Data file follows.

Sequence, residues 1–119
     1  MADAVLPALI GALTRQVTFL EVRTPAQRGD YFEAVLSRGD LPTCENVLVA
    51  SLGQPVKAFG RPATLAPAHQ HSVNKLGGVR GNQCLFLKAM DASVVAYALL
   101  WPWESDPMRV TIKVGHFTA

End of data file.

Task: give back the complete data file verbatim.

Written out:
Sequence, residues 1–119
     1  MADAVLPALI GALTRQVTFL EVRTPAQRGD YFEAVLSRGD LPTCENVLVA
    51  SLGQPVKAFG RPATLAPAHQ HSVNKLGGVR GNQCLFLKAM DASVVAYALL
   101  WPWESDPMRV TIKVGHFTA